Affinivax banks $120M to push vaccines against hospital-associated superbugs

Vaccine
A new $120 million round is the first time Affinivax is tapping venture capital; it drew its seed and series A financing from the Bill & Melinda Gates Foundation and inked a licensing deal with Astellas. (Guschenkova/iStockGettyImages)

Affinivax, the company looking to unseat the world’s best-selling vaccine, has reeled in $120 million to advance its pipeline. But with its lead program—a Prevnar 13 challenger that covers 24 strains of pneumococcus—fully financed by a partnership with Astellas, where will it deploy the cash?

“We’ll take that $120 million and fund additional vaccines—we’re not stopping at 24, even though 24 already beats Prevnar 20,” Affinivax CEO Steve Brugger told FierceBiotech, referring to Pfizer’s in-development Prevnar 13 follow-up. “We will use our funds to create one that covers even more strains than 24.”

The company will also push a set of vaccines for hospital-associated infections into the clinic, Brugger added. With the rise of drug-resistant bugs and “not a lot of antibiotics in the toolbox,” preventive vaccines against these bacteria are a no-brainer. But of those who have tried to develop vaccines against bacteria such as Clostridium difficile and Escherichia coli, many have failed, partly because of the limitations of traditional conjugate vaccines. Pfizer itself ditched a Staphylococcus aureus vaccine after a phase 2b study showed no promise.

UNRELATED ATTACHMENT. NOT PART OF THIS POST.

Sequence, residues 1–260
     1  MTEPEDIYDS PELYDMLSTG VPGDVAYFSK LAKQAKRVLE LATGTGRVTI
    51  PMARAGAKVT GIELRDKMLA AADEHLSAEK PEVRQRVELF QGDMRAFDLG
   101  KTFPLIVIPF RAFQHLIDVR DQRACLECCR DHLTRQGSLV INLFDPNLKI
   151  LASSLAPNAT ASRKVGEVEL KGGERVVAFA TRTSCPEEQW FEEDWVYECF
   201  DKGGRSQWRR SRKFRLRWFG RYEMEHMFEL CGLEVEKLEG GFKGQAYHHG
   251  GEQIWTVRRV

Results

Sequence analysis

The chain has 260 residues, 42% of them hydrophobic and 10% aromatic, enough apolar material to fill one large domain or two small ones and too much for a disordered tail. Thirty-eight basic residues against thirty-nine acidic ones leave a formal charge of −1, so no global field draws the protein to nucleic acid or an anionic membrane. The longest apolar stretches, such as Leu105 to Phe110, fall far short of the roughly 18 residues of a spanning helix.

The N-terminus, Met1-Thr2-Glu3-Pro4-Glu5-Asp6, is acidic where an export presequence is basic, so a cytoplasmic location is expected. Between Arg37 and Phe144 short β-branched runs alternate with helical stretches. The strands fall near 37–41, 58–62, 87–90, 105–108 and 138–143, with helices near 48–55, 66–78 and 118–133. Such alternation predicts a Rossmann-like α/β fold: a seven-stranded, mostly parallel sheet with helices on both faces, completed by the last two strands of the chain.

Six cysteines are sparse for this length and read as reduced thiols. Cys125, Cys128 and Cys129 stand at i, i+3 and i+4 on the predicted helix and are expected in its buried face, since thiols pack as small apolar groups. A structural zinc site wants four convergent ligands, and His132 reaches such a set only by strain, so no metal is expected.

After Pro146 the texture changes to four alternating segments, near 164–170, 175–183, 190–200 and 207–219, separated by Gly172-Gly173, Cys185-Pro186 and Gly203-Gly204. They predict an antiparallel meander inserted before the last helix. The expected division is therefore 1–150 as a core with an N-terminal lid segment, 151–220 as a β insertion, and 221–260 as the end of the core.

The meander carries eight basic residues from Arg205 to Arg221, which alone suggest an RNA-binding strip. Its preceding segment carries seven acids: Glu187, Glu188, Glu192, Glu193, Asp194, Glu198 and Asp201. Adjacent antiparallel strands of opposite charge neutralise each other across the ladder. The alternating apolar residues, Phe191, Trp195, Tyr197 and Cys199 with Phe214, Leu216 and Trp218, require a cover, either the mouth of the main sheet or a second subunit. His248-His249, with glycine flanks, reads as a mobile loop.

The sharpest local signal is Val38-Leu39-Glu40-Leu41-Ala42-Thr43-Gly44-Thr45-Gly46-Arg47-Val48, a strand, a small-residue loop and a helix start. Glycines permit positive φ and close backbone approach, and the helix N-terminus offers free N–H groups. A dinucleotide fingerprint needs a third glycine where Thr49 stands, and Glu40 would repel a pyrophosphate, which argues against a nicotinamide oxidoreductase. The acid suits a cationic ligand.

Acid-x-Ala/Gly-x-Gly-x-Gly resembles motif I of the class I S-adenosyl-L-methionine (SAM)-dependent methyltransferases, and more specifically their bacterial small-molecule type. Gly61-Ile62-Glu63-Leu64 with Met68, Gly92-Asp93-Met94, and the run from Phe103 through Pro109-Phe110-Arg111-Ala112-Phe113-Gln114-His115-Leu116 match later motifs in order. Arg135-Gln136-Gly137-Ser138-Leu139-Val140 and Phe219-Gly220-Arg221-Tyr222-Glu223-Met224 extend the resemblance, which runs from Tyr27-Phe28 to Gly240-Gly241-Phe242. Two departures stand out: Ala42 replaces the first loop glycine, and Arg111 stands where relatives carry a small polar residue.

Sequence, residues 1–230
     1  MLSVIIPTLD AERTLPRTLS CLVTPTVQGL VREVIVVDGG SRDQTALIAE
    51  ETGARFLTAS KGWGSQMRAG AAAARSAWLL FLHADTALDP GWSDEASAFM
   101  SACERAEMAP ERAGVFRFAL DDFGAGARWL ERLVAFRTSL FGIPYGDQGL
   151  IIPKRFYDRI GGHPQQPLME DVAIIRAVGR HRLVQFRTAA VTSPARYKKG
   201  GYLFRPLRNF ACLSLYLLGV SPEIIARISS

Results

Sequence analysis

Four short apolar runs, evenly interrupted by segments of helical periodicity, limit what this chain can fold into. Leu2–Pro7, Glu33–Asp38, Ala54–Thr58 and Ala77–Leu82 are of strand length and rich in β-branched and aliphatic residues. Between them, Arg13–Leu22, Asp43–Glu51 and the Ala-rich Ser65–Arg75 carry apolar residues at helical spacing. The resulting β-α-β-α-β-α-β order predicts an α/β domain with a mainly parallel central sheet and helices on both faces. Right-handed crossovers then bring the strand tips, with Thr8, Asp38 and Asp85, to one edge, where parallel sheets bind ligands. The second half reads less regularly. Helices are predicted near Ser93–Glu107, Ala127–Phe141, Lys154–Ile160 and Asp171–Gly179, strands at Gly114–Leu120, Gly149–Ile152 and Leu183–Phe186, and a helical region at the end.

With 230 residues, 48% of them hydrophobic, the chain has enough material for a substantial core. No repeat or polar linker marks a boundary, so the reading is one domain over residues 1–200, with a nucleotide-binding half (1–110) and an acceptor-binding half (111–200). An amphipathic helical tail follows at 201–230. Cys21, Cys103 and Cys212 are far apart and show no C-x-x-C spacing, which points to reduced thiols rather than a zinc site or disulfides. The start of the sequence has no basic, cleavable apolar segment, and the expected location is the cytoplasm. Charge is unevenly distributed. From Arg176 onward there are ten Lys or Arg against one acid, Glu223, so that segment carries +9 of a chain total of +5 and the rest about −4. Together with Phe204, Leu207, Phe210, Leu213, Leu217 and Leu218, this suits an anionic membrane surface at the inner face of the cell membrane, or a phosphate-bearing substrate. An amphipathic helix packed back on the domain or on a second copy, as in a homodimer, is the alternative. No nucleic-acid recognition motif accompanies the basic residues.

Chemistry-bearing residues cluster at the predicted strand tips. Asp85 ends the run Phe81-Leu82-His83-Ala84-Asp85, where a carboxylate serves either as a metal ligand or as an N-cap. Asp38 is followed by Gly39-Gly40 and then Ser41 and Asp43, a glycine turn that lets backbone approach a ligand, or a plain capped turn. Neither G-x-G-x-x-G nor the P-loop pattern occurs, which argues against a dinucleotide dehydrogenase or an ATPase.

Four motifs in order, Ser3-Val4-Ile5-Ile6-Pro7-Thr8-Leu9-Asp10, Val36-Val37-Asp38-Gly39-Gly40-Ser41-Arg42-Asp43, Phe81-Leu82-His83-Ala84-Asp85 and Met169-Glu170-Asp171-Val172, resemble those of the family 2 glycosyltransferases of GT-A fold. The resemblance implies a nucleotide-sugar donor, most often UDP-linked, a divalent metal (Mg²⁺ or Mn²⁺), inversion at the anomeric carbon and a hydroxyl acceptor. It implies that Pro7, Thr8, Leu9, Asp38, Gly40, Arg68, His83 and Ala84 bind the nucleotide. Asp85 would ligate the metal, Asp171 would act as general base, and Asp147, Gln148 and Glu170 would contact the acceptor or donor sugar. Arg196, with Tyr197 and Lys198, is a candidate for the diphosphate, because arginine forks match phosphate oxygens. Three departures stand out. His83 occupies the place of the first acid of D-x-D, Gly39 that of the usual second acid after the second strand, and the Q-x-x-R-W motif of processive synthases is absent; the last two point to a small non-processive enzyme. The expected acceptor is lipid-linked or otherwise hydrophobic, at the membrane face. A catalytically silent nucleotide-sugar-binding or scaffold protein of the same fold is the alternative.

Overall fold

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RELATED: Astellas and Affinivax's novel pneumococcal vaccine enters human testing

Conjugate vaccines use proteins to carry polysaccharides that provoke an immune response. Affinivax’s pipeline is based on Multiple Antigen Presenting System (MAPS), which allows the protein itself to induce an immune response, too.

In addition to covering more strains in one vaccine, in the case of Affinivax’s pneumococcus jab, the tech could allow the company to pick its antigen—polysaccharide or protein—depending on the bacteria it’s targeting.  

“We believe MAPS can do it because of this one-two punch. We can use polysaccharides, or proteins, or both, to tackle each bacterium,” Brugger said.

The series B, drawn from Viking Global Investors, Bain Capital Life Sciences and Ziff Capital, is the first time Affinivax has tapped venture capital. Founded in 2014 with tech out of Boston Children’s Hospital, the company picked up its seed and series A financing from the Bill & Melinda Gates Foundation. In 2017, it bagged another $10 million upfront when it licensed its lead program to Astellas, which will develop and commercialize the vaccine.

As Affinivax plugs away at its in-house pneumococcus efforts as well as a suite of programs targeting multiple hospital-associated infections, it is also doing early-stage work in cancer and exploring the use of its technology against viruses, including the new coronavirus behind the COVID-19 pandemic.

“In the midst of COVID-19, we started an early program and then realized how crowded the space is. But it was the right thing to do,” Brugger said. That said, Affinivax’s “bread and butter will be focused on creating a completely new standard of preventive care for bacterial infections extending beyond pneumococcus.”

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